Fourth course: Four slices of rare roasted duck breast fanned over a silken "mousseline" of potato, a piped stripe of coarse pistachio purée, and poached slices of peach garnished with yet more sprouts. Sprouts are a major theme of the restaurant. The kitchen must employ a full-time sprout wrangler just to keep them all straight. In two meals, we had things garnished with sprouts of basil, arugula, chervil, celery, beet (or maybe chard), chive, spearmint, and peppermint that I recognized and a few more that I didn't—tarragon?, marjoram? The potatoes were outstanding and the duck delicious, but it would have been slightly more tender if cooked just a tad longer.
Fifth course: Another sheep's-milk cheese, this one Spanish—no match for that amazing Berkswell, but excellent nonetheless. The waiter said it was "issybaw," but I haven't been able yet to track down the real spelling of that name. It was sided with more of that delicious quince paste, a surprisingly spicy green tapenade, and more of the red-wine reduction, which I really, really like—an excellent foil for cheese.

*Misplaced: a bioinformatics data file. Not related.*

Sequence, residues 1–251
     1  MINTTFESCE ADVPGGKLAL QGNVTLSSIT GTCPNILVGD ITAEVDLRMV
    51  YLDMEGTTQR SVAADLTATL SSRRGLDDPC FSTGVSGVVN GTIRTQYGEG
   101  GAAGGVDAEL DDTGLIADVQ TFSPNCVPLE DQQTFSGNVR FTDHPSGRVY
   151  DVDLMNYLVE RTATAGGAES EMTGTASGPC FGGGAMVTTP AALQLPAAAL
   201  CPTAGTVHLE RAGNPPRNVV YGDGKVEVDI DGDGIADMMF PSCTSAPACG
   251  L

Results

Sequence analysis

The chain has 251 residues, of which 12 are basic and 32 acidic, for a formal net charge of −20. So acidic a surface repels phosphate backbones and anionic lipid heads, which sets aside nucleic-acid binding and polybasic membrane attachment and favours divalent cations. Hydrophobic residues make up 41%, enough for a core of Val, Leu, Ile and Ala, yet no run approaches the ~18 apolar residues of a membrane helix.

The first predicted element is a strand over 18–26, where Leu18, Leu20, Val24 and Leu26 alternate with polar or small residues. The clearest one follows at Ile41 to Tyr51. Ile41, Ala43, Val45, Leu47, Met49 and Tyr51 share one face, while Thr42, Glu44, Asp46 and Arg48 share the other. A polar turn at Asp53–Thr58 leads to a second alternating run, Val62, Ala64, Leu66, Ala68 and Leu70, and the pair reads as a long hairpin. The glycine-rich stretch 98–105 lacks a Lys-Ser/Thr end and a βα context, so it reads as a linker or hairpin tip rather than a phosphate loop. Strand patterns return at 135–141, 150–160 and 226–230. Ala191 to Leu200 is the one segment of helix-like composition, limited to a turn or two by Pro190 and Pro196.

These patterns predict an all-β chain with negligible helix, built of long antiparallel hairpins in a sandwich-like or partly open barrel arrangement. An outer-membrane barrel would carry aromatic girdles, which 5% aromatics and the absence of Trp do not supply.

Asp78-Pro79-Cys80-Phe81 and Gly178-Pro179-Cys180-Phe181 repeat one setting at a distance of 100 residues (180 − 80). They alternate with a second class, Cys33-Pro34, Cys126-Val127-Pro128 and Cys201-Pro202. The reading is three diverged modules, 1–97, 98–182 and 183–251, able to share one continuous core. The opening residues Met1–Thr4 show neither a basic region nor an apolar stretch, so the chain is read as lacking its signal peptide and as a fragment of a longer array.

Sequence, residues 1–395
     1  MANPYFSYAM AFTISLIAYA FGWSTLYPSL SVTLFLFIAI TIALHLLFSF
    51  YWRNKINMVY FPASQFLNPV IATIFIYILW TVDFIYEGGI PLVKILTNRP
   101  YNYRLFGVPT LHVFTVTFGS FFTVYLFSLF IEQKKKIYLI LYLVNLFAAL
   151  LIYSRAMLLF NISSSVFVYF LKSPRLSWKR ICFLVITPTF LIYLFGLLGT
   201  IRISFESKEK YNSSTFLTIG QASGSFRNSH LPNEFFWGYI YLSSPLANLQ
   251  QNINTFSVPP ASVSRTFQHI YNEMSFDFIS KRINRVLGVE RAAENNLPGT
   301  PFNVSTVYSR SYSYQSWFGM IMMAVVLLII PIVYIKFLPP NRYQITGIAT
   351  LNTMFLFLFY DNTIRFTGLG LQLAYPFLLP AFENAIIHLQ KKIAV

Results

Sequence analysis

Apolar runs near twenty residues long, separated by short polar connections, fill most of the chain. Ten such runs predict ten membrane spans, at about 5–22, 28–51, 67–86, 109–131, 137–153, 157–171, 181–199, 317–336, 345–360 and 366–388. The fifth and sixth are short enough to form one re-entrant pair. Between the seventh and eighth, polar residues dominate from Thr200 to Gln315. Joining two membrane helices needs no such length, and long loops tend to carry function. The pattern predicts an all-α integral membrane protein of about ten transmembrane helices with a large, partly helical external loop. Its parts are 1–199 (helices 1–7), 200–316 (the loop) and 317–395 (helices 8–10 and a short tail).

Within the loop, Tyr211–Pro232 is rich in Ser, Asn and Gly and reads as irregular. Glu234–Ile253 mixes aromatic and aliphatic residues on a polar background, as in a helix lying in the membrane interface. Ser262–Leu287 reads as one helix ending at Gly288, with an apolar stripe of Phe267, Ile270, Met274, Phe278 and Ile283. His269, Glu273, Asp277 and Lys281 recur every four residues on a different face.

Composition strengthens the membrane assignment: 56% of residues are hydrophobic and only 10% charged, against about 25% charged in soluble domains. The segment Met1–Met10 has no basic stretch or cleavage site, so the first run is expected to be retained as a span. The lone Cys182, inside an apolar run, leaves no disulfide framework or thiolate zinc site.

Sixth course: Fig-crusted hazelnut cheesecake with butterscotch ice cream and a spiral patterned fig cookie, all laid over another of those bold black brush-strokes (this one chocolate) and garnished with peppermint sprouts, part of a vanilla bean, and a pansy blossom.
David's comment, partway through the meal, was "If I were scouting chefs, I'd have this guy on a plane to New York tomorrow morning." Alas, I had to agree with him. We spent a good deal of the time between courses comparing Vallès's dishes with others we've eaten, mainly in highly rated restaurants in France, and weighing the results. The waits between courses could be long, but were no worse than we've encountered in comparable places elsewhere (and in establishments that have had a lot longer than three weeks to work out the rhythm). We concluded that, in France, Michelin would probably give him two stars—the only time that's ever happened in a the U.S. or in any restaurant to which Michelin hadn't already given two stars. (Nobody in Tallahassee would rate even one.)